Now that the holiday season has come to a close and we are all getting busier, this may be a good time to get a reminder on the importance of early childhood nutrition. The blog was posted by that NovakDjokovicfoundation.org, which is a foundation focused on research and education to ensure every child is given the opportunity to reach their potential. Something which we believe in too!
Why is Nutrition so Important for Children?
The relationship between nutrition, health and learning is undeniably strong: nutrition is one of the three major factors that impact a child’s development. As genes and environment are the other two factors, eating certain food cannot guarantee that your child will be smarter, although my mother did successfully teach (trick?) me to eat fish when I was little for that very reason. Nevertheless, research studies show that nutrition in a child’s early years is linked to their health and academic performance in later years.
Nutrition and Health
However you might personally define it, “a child’s early years” begin before birth when it comes to nutrition. Under-nutrition during pregnancy stunts foetal growth and can lead to poor brain development that results in irreversible chronic illnesses. Under-nutrition of a breastfeeding mother will likewise negatively impact a child’s development, especially in the first 6 months when breast milk is all he/she is consuming. For all soon-to-be and new mothers, it’s worth making sure you’re consuming a healthy and balanced diet full of the vital nutrients that both you and your child need: carbohydrates, protein, calcium, iron and vitamins A, C and D. Although at first glance this list seems overbearing, realistically you probably consume most of these nutrients already – it’s just about following proportions, which the Eatwell plate helps to illustrate.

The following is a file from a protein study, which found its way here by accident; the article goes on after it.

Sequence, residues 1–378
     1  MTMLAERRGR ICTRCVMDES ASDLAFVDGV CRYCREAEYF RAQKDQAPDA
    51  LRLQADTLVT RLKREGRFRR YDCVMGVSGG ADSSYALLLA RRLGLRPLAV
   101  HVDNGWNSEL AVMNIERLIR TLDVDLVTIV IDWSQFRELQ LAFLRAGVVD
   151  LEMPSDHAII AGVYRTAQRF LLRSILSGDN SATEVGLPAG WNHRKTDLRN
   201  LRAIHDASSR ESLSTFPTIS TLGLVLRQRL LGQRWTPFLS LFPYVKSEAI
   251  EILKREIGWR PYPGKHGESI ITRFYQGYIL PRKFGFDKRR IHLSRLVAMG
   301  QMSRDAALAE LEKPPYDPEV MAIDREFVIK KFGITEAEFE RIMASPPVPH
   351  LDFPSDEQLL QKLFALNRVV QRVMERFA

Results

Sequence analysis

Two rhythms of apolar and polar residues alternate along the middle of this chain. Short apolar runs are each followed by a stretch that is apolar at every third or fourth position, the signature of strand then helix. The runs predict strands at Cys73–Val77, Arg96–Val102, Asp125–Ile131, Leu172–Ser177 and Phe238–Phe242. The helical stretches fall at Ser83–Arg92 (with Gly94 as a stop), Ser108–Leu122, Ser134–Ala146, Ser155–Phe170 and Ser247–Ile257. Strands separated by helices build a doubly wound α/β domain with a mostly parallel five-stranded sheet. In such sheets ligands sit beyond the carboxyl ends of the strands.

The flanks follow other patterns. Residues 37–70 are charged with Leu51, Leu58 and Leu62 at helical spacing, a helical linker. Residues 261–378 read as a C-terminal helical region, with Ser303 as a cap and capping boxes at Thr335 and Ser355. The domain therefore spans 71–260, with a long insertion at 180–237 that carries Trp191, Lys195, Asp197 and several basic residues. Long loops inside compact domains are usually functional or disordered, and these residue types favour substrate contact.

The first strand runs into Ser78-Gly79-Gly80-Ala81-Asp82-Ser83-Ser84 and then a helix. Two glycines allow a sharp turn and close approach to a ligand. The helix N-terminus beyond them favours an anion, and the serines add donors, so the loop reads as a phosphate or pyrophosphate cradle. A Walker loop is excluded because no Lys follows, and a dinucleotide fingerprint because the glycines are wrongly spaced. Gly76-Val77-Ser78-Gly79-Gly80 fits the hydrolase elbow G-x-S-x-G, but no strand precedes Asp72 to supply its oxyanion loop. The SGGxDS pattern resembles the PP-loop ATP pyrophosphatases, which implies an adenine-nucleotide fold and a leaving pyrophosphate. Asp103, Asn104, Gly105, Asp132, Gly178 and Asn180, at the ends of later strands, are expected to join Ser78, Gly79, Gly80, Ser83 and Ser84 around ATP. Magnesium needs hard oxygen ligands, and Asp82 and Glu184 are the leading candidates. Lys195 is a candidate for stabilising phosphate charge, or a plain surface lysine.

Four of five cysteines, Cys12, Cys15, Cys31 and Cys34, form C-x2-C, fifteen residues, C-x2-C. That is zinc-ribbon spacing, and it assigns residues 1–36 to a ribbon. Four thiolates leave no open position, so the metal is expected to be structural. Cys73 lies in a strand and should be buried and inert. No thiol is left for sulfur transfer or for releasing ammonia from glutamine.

“Eat up please”
When there’s work to go to, bills to pay and dishes to wash, getting your child to eat what they don’t want to (especially when doing so might cause a much-dreaded tantrum) is oftentimes the least of your worries. But it’s critically important. Following nutrition guidelines are relatively straightforward during pregnancy, as well as at the start of your child’s life. When your child starts to form likes and dislikes, my advice to you is to accept preferences but continue to introduce new foods by making silly faces and playing peek-a-boo until you hear that giggle and see your toddler happily putting the spoon into their mouth themselves. Persevere. I promise he/she will thank you one day.